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Recently the UK Government announced an unprecedented, large-scale initiative for Improving Access to Psychological Therapies (IAPT) for depression and anxiety disorders. Prior to this development, the Department of Health established two pilot projects that aimed to collect valuable information to inform the national roll-out. Doncaster and Newham received additional funds to rapidly increase the availability of CBT-related interventions and to deploy them in new clinical services, operating on stepped-care principles, when appropriate. This article reports an evaluation of the new services (termed 'demonstration sites') during their first thirteen months of operation. A session-by-session outcome monitoring system achieved unusually high levels of pre to post-treatment data completeness. Large numbers of patients were treated, with low-intensity interventions (such as guided self-help) being particularly helpful for achieving high throughput. Clinical outcomes were broadly in line with expectation. 55-56% of patients who had attended at least twice (including the assessment interview) were classified as recovered when they left the services and 5% had improved their employment status. Treatment gains were largely maintained at 10 month follow-up. Opening the services to self-referral appeared to facilitate access for some groups that tend to be underrepresented in general practice referrals. Outcomes were comparable for the different ethnic groups who access the services. Issues for the further development of IAPT are discussed.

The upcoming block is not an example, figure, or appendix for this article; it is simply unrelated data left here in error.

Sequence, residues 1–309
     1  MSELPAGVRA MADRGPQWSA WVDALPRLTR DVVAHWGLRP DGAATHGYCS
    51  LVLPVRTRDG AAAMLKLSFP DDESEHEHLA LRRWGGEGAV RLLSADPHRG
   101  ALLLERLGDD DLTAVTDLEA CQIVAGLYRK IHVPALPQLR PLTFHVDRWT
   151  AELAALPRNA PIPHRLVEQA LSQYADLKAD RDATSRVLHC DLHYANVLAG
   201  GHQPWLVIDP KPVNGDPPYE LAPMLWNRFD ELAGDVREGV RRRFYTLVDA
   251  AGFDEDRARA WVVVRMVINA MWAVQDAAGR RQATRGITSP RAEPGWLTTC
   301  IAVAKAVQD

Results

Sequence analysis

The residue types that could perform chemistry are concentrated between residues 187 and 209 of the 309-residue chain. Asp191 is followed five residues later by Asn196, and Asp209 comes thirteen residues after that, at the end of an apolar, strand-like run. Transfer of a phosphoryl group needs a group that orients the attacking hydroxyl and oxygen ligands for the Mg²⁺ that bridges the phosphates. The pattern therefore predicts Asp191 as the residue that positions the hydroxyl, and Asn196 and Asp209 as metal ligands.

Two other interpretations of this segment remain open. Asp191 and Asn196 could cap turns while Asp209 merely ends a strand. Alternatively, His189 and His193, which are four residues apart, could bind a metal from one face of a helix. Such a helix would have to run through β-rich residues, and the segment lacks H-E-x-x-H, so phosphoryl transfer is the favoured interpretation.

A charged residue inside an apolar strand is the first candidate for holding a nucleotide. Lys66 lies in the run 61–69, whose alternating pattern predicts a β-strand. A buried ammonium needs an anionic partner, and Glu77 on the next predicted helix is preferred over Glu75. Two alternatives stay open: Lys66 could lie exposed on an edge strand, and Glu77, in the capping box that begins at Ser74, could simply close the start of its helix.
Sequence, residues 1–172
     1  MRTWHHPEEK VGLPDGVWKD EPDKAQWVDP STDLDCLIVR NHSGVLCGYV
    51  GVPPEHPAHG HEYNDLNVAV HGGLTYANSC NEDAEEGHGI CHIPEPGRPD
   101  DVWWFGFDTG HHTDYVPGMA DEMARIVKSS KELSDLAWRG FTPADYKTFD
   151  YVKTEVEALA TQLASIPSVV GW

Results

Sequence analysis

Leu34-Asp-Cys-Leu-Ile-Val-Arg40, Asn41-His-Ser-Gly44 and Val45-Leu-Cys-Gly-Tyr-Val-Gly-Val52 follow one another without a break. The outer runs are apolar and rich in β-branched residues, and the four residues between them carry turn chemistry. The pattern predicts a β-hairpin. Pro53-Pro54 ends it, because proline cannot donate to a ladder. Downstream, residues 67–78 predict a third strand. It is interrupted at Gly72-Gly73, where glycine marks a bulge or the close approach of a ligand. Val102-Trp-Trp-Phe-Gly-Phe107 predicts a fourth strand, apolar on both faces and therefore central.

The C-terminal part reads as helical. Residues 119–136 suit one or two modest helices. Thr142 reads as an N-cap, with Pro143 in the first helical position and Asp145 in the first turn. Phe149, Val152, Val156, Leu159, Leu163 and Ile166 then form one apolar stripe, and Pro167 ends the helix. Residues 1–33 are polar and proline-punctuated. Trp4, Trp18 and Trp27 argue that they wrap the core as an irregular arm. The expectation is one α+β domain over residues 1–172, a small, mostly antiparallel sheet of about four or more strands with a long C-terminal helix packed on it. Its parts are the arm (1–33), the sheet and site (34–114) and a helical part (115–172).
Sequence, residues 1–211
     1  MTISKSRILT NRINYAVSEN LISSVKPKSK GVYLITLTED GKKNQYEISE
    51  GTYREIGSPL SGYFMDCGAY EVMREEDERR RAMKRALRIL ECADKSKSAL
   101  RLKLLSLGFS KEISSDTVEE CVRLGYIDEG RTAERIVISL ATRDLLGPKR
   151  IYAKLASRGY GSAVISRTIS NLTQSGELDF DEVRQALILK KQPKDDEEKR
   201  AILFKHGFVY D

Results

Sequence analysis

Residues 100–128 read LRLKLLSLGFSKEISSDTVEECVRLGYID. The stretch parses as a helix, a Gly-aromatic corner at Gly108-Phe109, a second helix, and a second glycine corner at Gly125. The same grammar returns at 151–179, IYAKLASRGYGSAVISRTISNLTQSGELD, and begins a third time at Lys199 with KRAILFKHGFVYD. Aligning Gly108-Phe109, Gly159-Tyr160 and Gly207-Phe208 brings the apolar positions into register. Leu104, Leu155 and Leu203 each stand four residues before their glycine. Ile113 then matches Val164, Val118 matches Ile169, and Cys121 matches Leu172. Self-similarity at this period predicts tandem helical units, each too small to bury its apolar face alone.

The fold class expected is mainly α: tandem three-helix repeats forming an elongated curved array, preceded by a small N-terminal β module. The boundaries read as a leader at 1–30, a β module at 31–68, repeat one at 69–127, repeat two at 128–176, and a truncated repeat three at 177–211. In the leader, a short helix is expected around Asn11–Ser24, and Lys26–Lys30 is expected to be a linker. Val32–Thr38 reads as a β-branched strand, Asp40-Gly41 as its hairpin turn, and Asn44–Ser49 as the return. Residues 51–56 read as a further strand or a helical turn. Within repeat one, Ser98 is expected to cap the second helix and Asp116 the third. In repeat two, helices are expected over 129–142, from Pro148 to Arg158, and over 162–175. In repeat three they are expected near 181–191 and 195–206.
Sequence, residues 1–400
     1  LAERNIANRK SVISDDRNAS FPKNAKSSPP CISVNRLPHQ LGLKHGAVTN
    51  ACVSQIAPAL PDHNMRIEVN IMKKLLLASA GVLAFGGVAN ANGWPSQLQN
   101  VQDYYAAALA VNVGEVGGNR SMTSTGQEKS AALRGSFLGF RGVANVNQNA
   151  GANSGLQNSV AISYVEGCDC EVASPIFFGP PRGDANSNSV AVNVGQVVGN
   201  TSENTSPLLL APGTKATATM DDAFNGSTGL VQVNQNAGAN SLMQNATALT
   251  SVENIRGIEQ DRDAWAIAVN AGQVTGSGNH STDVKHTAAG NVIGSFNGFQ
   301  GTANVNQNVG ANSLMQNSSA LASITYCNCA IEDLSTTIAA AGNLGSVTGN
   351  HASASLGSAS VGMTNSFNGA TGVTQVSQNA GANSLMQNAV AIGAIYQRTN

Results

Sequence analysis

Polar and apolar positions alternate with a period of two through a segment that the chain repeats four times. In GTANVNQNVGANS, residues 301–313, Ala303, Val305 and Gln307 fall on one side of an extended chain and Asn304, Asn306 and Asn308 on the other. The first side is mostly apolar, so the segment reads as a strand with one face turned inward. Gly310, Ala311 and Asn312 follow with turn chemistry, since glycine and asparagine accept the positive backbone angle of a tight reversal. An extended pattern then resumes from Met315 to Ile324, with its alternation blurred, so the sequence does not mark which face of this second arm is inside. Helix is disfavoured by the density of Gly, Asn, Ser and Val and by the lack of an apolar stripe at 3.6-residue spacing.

Original publication




Journal article


Behav Res Ther

Publication Date





910 - 920


Adolescent, Adult, Aged, Anxiety Disorders, Cognitive Therapy, Depressive Disorder, Female, Great Britain, Health Services Accessibility, Humans, Male, Middle Aged, Prospective Studies, Psychiatric Status Rating Scales, Surveys and Questionnaires